Posted on November 30, 2016
Most pin tumbler locks are vulnerable to lock bumping. Bumping a lock is a way of opening a pin tumbler style of a lock by inserting what is called a bump key and then “bumping” or slightly jarring it to open. The bump key is sometimes also called a rapping or a 999 key. The bump lock key must line up with the lock to open it along the side grooves. The key is inserted and then pulled back out slightly to line up the pins. A slight whack on the back of the key caused the pins to jump above the shear line and, for a split second, the drive pins separate so that the plug is able to be rotated.
Facts About Bump Key
- More than 90% of United States home owners use a cylinder lock on their doors
- More than 95% of new lock brands sold at hardware stores are vulnerable to lock bumping
- A bump key aligns in a key way naturally and can naturally include methods to bypass auxiliary locking mechanisms. Keys are relatively inexpensive to obtain and modify. Bump keys are not universal due to key way restrictions.
- It is possible to bump open a lock in less than 10 seconds
- Lock bumping shows no signs of forced entry or damage
- A bump key can be made in less than 5 minutes by a nonprofessional
- A bump key can be purchased on the internet, no questions asked
- Lock bumping is so easy that a child can do it.
How a Bump Key is Made – How Bumping Works
A blank key with spaces cut to the lowest possible cuts is the first step in creating a pull-out key to be used for bumping a lock. The bump key is inserted into the lock and then moved one pin position before being bumped. All that is needed to create the impact of the bump is slight tension from your hand and then a strike, straight on, from a bump hammer. If everything works as intended, the driver pins will jump, and the plug will turn provided they are all above the shear line. It’s a sometimes delicate procedure that often times takes more than one attempt.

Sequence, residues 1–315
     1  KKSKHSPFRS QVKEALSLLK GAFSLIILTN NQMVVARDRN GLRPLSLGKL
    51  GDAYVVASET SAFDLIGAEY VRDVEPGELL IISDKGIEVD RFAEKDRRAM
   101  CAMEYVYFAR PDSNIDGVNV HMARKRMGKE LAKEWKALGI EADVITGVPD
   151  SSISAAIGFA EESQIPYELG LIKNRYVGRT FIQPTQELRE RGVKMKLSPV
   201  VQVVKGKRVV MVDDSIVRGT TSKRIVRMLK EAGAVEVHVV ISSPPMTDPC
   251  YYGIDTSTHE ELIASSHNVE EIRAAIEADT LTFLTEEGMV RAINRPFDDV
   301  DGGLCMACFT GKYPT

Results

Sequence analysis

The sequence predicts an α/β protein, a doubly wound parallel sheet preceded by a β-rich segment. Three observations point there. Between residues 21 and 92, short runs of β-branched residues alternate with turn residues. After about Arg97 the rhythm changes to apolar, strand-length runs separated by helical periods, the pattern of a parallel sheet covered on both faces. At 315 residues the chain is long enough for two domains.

Protect Your Lock Against Bump Key
Most locks that are available in a hardware store are able to be bumped, so it is beneficial to look at more solid locks. However, before you think spending a lot of money on a lock is the answer, understand that even expensive locks can have cheap cylinders that are able to be bumped. To make locks even more vulnerable, bump keys are sold on the internet and are easily accessible to would-be criminals. Burglars who use bump keys to enter know that the forensics will show no visible signs of forced entry unless the lock is thoroughly examined.
Sidebars or sliders are a good line of defense against bumping. Some key manufacturers, such as Schlage, make bump-proof locks and keys. These keys have an extra tumbler that is unable to be bumped. Some brands add multiple pins and a sidebar that is not able to be bumped. Medeco makes a Bi-Axle key teeth are angled. Tumblers fit the notches and twist. Mul-T-Lock brand is known for its security features and its strength.
Another option is to go key-less with programmable, combination locks that cannot be bumped.
For deadbolts, there is an anti-bumping device that is designed to prevent thumb turn parts of the deadbolt from turning, which means the key cannot retract back inside the lock to open it.
Install Security Pins
Have a professional locksmith install special pins, known as security pins, to make the lock more difficult to bump. These pins are designed to bind before they reach the lock’s sheer line.
Shadow Drilling – Top Gapping
Non-pin mechanisms, such as a disc-detainer, combination, wafer, warder, or lever based lock, cannot be bumped. To prevent a bump key from making contact with all pin stacks, a random pin chamber is drilled higher than the others. One downside to this method is if you ever need your lock re-keyed, shadow drilling sometimes presents issues unless the position and height of the shadowed chamber are identifiable by the locksmith. Top Gapping is a method used to prevent driver pins from falling into the plug. Top gapping tapers driver pins.